By Stephanie Zacharek
By Alan Scherstuhl
By Alan Scherstuhl
By Charles Taylor
By Melissa Anderson
By Inkoo Kang
By Amy Nicholson
By Sam Weisberg
When a red-blooded, macho, flag-waving, Bush-voting American country music fan looks at a gorgeous blonde who also happens to make his kind of music, one doesn't normally expect him to pay attention to the substance of her conversation. Dixie Chicks lead singer Natalie Maines didn't think so either, at first. Far from controversial once upon a time, the Chicks were simply playing to a London crowd on the eve of the Iraq war, and Maines happened to mention that she and the audience were on the same side. Had there been no such thing as the blogosphere, the remarks might have gone unnoticed, but juiced up by the right-wing website Free Republic, Maines's comments led first to a national stir, then some boycotts, and now a movie, Shut Up & Sing.
In fact, the movie's not quite the Bush bashfest its publicity might lead you to believe; it's closer to the Metallica doc Some Kind of Monster than to Fahrenheit 9/11. Like Metallica, the Dixie Chicks begin the film as a multiplatinum band looking to move their sound forward on a new album, only to have external circumstances throw a wrench into the works. The political angle is the film's hook, but its real goal seems to be to persuade noncountry fans who support the band's politics that, hey, y'know, their music's pretty good too.
The idea that popular music should never be political is, on the face of it, idiotic. Would you tell Bob Dylan to just shut up and sing? Or System of a Down? John Lennon? Even country as a genre has not been free from impassioned ideals; Willie Nelson and Johnny Cash never shied away from populist issues, and Hank Williams Jr. and Charlie Daniels have been vocal in support of Republicans. The thing with the Dixie Chicks is that they were not a political band and never intended to be; ironically, by going all out in bashing the band for one comment, protesters generated a self-fulfilling prophecy, as Maines became hardened in her defiance, still "Not Ready to Make Nice."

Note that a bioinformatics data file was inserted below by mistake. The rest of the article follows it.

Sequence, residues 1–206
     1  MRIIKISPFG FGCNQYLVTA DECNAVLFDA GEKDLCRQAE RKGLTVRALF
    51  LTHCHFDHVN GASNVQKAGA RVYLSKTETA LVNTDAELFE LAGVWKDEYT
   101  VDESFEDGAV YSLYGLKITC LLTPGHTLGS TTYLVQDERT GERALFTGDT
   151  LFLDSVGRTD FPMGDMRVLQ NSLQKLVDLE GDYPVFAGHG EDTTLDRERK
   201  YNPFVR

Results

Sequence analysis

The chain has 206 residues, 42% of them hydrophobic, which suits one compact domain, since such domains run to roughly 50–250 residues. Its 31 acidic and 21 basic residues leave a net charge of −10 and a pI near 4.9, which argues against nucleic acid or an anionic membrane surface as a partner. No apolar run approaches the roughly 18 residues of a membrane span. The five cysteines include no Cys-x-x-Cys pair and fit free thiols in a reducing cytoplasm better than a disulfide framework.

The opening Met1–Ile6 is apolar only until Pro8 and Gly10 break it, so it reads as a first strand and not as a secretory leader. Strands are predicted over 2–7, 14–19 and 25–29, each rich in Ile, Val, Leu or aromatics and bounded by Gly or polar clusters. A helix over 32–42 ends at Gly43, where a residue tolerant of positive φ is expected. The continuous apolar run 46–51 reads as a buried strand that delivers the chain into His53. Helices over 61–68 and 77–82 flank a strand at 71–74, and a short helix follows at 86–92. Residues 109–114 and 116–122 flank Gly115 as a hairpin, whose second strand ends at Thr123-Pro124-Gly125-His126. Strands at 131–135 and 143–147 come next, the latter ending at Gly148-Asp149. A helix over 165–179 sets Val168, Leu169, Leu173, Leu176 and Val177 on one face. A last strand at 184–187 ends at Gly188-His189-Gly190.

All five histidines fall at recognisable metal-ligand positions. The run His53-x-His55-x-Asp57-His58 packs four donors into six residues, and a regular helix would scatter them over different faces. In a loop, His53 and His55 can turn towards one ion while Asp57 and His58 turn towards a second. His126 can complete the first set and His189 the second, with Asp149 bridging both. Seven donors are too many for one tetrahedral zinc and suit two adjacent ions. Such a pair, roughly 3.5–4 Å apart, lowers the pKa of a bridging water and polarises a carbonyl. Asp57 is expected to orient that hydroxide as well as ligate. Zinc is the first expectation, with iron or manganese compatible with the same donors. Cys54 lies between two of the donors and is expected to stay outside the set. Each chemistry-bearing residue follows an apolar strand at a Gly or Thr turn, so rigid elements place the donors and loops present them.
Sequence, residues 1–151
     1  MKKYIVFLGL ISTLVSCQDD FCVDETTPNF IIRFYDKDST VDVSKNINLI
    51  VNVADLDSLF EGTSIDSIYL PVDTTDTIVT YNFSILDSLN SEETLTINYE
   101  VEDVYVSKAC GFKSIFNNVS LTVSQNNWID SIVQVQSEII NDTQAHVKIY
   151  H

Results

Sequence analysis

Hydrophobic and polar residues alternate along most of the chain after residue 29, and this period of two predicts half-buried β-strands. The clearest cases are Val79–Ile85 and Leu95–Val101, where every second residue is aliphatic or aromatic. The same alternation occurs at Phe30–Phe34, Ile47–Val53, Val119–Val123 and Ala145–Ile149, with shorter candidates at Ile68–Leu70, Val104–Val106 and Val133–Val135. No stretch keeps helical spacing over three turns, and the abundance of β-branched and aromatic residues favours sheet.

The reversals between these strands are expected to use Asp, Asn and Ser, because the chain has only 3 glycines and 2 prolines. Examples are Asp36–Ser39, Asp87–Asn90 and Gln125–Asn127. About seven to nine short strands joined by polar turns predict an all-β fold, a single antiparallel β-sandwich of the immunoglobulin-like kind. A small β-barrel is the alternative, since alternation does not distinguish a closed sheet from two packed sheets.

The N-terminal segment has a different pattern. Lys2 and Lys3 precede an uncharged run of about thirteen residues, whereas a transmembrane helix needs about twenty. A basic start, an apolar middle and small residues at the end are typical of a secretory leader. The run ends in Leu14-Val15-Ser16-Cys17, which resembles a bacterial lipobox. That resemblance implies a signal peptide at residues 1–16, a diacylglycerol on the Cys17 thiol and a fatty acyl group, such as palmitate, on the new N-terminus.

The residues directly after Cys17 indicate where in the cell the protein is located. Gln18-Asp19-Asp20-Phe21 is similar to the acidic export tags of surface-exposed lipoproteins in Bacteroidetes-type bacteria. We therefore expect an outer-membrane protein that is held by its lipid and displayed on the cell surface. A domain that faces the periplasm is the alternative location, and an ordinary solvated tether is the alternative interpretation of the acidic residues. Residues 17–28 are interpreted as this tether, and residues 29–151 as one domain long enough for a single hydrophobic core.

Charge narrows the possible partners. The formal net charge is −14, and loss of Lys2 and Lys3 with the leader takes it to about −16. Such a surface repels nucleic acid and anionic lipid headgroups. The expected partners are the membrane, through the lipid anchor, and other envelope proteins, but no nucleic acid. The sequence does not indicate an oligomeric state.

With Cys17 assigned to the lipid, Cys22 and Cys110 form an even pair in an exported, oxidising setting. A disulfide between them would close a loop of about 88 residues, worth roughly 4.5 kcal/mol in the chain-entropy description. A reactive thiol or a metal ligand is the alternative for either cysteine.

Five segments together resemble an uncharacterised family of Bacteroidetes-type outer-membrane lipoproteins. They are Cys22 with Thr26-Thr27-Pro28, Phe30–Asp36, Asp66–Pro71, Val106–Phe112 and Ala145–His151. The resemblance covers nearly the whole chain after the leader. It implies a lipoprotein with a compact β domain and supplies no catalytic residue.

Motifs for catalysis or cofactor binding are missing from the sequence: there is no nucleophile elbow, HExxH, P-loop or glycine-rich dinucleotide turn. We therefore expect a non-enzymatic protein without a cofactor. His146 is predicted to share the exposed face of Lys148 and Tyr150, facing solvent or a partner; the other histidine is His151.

Those still mad at Maines aren't going to be won overthe right-wing demonstrators interviewed on camera mostly come off as idiots, and Bill O'Reilly is shown advocating that the Dixie Chicks be slapped around (though he'd no doubt claim that to be amusing hyperbole). But the most hilarious of the detractors is Toby Keith, who defends himself against Maines's criticism of his songwriting skills by saying, "She said anyone can write 'Boot in Your Ass,' but she didn't!"
Join My Voice Nation for free stuff, film info & more!